How We Are Going to the Moon – 4K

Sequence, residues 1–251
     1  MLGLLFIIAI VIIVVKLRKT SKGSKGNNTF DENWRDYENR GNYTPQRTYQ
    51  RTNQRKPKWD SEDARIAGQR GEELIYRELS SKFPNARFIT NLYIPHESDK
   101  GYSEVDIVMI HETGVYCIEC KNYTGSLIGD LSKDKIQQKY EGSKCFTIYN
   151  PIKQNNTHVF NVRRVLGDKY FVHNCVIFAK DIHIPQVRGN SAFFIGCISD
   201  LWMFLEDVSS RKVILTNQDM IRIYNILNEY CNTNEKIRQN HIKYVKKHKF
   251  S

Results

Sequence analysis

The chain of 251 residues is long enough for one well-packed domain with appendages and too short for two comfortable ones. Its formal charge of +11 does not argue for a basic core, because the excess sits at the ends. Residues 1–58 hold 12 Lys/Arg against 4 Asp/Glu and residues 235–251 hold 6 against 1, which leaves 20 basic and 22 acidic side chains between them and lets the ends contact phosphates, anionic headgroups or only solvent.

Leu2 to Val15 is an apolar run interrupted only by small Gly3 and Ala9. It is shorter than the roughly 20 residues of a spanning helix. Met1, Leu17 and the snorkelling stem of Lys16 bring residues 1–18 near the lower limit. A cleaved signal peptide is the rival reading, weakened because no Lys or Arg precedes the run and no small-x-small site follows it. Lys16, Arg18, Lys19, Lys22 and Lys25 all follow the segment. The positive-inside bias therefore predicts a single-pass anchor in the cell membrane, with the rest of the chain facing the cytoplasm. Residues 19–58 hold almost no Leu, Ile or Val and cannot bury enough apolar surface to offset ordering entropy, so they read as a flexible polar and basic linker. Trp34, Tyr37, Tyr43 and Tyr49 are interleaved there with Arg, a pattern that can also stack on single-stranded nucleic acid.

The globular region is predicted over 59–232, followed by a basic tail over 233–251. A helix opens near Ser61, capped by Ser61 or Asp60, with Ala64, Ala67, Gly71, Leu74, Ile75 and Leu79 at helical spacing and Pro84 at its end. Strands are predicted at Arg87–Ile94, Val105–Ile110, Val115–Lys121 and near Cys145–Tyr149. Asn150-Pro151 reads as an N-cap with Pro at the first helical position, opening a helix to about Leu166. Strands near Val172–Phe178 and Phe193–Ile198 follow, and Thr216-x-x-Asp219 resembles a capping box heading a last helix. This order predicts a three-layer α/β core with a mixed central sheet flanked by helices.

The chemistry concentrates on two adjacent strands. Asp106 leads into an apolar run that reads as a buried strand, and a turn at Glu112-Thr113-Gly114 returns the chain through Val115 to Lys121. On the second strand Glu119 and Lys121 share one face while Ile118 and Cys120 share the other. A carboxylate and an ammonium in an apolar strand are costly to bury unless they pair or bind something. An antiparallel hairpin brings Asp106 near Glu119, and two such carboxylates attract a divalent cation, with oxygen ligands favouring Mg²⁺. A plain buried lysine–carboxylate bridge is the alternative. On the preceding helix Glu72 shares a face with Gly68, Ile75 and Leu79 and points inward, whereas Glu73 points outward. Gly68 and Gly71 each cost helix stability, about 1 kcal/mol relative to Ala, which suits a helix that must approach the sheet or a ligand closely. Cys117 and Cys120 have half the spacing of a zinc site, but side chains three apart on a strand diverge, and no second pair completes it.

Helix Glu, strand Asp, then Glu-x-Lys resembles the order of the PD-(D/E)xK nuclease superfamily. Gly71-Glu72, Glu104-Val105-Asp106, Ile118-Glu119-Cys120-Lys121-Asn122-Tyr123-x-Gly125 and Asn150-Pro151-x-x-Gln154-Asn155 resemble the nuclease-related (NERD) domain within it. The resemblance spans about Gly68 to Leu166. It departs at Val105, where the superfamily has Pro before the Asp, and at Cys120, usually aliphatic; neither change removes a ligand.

Between 1968 and 1972, America launched 9 human missions to the Moon, 6 of which successfully touched down, allowing 12 men to walk on the lunar surface. NASA’s next chapter of lunar exploration, called Artemis, has the task of not just going to the Moon, to create a long-term human presence on and around it, but also to prepare for ever-more-complex human missions to Mars. In short, everything we must be able to do here, we must first do here. So, what will an Artemis mission look like? Everything is designed and tested with our most important element in mind: the astronauts. This is their deep space, human-rated spacecraft called Orion, built in 3 parts: the crew module, where up to 4 astronauts will live and work throughout the flight; the service module, with life support systems for the crew and its own engine and fuel reserves; and a launch abort system, with engines capable of pulling the crew module to safety during launch, should anything go wrong. To accomplish the task of launching our crew and heavy payloads, NASA is building the Space Launch System, comprising of a cargo hold, an Exploration Upper Stage, a massive core stage and 2 extended solid rocket boosters. All together, this is the world’s most powerful rocket. And it exceeds the legendary Saturn V of the Apollo era in numerous ways. Sitting on the launch pad, the entire rocket, fully fueled, weighs just over 6 million pounds, 5.2 million of which is just the fuel. Once ignited, there is no stopping what comes next. All 4 RS-25 engines and the 2 solid rocket boosters come to life, thundering our crew upwards. Two minutes after ignition, the solid rocket boosters are spent and released. Eight minutes after launch, the core stage is depleted and separated. The upper stage fires briefly, placing Orion into a parking orbit around the Earth. Here, the crew reconfigure the spacecraft and check systems to confirm everything is ready for deep space travel. With a “go” from Mission Control, the crew reignite the Exploration Upper Stage engines to leave Earth entirely.The exact timing of this maneuever is critical to reach a speed that can escape Earth’s gravitational pull, but also put Orion on a course that will intersect the Moon days later. Once this burn is complete, the upper stage of the SLS is jettisoned and the crew on board Orion coast for several days toward all that awaits them at the Moon. Approaching the Moon, we see the fundamental differences between Artemis and Apollo. Instead of requiring Orion to serve as an expendable lunar command module or carry a constrained lunar lander, the Artemis missions will take advantage of a different approach: pre-staging. Everything needed for lunar missions will be positioned in advance by commercial and international partners. This includes rovers, science experiments and human-rated systems on the surface. But it also includes a dedicated lunar station in orbit around the Moon, called Gateway. Here at the station, we can pre-stage a robust lunar lander and establish a strong communications relay. Designed with open standards, the Gateway can be expanded as new missions and partnerships develop, allowing multiple human missions on the Moon at the same time, and enabling ongoing science to be conducted even between human missions. The Gateway is also capable of adjusting its orbit to allow access to every part of the Moon, something the Apollo missions could not do. But the real key in this approach is placing Gateway in a unique halo orbit to perfect the maneuvers needed for Mars missions. And, with a growing list of commercial and international opportunities, Gateway is the ideal hub between Earth and all that lies beyond. Returning to our crew as they approach Gateway, the Orion must match the elliptical orbit of the station in order to successfully dock. Once on board, preselected crew members transfer to the lunar lander while those assigned to Gateway remain on station. The lunar lander system itself is built for 3 unique steps: descending from the halo orbit of Gateway down to a low lunar orbit; descending from low lunar orbit to the surface; and once the lunar mission is complete, launching from the surface of the Moon and ascending all the way back to the orbiting Gateway. Once back aboard the Orion spacecraft and undocked from Gateway, the crew fire their engines to break out of the halo orbit and once again to sling the spacecraft around the Moon, placing it on a multi-day trajectory back towards Earth. As they near the end of this journey, the service module is released and the crew module is oriented heat shield-first. Entering Earth’s atmosphere at 25,000 miles per hour, the friction of air slows Orion considerably, while also subjecting it to temperatures of 5,000 degrees. With the Orion now at just 300 miles per hour, a series of parachutes uniquely tested and produced for this moment deploy, decelerating the craft to just 20 miles per hour for splashdown. With each successful mission, Artemis ushers in the next wave of men and women to explore our Moon. And proves that together, we’re ready to go beyond.